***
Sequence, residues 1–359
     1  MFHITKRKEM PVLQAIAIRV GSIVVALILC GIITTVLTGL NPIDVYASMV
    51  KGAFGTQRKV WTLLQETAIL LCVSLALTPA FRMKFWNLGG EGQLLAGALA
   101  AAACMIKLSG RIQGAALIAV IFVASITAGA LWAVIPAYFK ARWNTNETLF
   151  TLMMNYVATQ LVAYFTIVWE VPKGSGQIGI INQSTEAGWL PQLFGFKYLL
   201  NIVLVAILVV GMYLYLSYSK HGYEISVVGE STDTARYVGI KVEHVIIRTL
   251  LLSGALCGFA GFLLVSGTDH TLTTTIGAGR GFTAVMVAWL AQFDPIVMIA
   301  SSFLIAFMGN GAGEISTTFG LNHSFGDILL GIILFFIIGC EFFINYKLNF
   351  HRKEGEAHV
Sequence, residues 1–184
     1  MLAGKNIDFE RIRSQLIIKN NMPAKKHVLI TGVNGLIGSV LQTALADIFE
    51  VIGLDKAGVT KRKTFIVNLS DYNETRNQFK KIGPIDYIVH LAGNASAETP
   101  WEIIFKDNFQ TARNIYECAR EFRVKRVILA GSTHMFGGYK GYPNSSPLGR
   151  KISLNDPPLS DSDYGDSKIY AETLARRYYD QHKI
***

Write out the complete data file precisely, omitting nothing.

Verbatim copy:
Sequence, residues 1–359
     1  MFHITKRKEM PVLQAIAIRV GSIVVALILC GIITTVLTGL NPIDVYASMV
    51  KGAFGTQRKV WTLLQETAIL LCVSLALTPA FRMKFWNLGG EGQLLAGALA
   101  AAACMIKLSG RIQGAALIAV IFVASITAGA LWAVIPAYFK ARWNTNETLF
   151  TLMMNYVATQ LVAYFTIVWE VPKGSGQIGI INQSTEAGWL PQLFGFKYLL
   201  NIVLVAILVV GMYLYLSYSK HGYEISVVGE STDTARYVGI KVEHVIIRTL
   251  LLSGALCGFA GFLLVSGTDH TLTTTIGAGR GFTAVMVAWL AQFDPIVMIA
   301  SSFLIAFMGN GAGEISTTFG LNHSFGDILL GIILFFIIGC EFFINYKLNF
   351  HRKEGEAHV
Sequence, residues 1–184
     1  MLAGKNIDFE RIRSQLIIKN NMPAKKHVLI TGVNGLIGSV LQTALADIFE
    51  VIGLDKAGVT KRKTFIVNLS DYNETRNQFK KIGPIDYIVH LAGNASAETP
   101  WEIIFKDNFQ TARNIYECAR EFRVKRVILA GSTHMFGGYK GYPNSSPLGR
   151  KISLNDPPLS DSDYGDSKIY AETLARRYYD QHKI